Response to Gilderhus

In his work “Historical Consciousness in the Modern Age”, Mark Gilderhus raises a question of how the perceptions and writings of history have changed throughout time as the writers of history themselves have changed. From devout Christians to philosophers, history and particularly the role of the divine has constantly shifted and changed. Prior to the Protestant Reformation, for example, the writers of history often credited famous historical events on the divine and paraded those leaders and makers of history who were great Christian leaders, such as Constantine the Great. As general perceptions of certain ideals and beliefs changed, so did the writing of history.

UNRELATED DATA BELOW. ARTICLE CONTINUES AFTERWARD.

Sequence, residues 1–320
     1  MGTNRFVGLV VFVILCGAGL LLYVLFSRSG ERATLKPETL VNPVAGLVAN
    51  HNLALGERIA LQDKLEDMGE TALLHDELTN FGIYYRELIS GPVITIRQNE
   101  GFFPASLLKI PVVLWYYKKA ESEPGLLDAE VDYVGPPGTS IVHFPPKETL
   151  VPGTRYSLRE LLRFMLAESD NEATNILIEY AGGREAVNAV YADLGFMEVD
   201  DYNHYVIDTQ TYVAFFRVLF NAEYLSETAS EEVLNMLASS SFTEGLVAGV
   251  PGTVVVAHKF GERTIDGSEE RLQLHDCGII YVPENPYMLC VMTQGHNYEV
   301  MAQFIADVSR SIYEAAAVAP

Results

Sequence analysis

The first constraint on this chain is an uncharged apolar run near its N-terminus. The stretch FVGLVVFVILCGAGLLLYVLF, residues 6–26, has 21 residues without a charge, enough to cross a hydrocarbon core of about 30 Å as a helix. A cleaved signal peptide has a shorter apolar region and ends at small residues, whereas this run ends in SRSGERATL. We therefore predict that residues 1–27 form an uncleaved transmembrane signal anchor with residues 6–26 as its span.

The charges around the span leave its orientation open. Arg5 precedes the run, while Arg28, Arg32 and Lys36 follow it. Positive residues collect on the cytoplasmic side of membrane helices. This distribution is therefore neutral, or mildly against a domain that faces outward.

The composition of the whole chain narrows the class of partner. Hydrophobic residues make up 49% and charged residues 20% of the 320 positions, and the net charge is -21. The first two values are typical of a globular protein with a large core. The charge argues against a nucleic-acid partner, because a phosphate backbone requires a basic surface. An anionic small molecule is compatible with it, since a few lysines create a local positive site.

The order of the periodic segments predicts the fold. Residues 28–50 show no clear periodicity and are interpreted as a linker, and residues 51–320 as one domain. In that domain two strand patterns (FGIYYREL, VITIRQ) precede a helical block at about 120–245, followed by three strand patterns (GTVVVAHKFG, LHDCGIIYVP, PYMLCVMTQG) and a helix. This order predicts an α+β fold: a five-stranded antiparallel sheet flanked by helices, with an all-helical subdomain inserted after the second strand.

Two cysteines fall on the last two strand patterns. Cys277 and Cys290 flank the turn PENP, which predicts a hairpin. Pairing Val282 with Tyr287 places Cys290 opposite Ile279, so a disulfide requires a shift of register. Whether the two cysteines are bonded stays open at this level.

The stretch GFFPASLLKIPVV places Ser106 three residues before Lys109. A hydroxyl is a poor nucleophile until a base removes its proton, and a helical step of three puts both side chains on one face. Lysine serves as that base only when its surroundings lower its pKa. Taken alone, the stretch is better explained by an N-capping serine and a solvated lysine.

What I find most interesting about this article is its point that the perceptions of history are able to change. While it practically impossible to change a specific event in history, it is possible to change ┬áthe view of it, and Gilderhus does a wonderful job of exhibiting this fact. It almost brings to question how much of history we can truly believe. That is, when reading about a historical event or person, should we constantly question every detail written? Do the ideals and beliefs of the writer and time affect the accuracy of a work? Or does the greatness, or failure, of history transcend these biases and ideals to the point that, short of specific details and objectivity, the writings do not really need questioned at all? That is not to say that historians cannot be trusted, for that would completely destroy the purpose of history. It is simply a question of how much thought should be given to the writer’s purpose and the picture he was trying to display.

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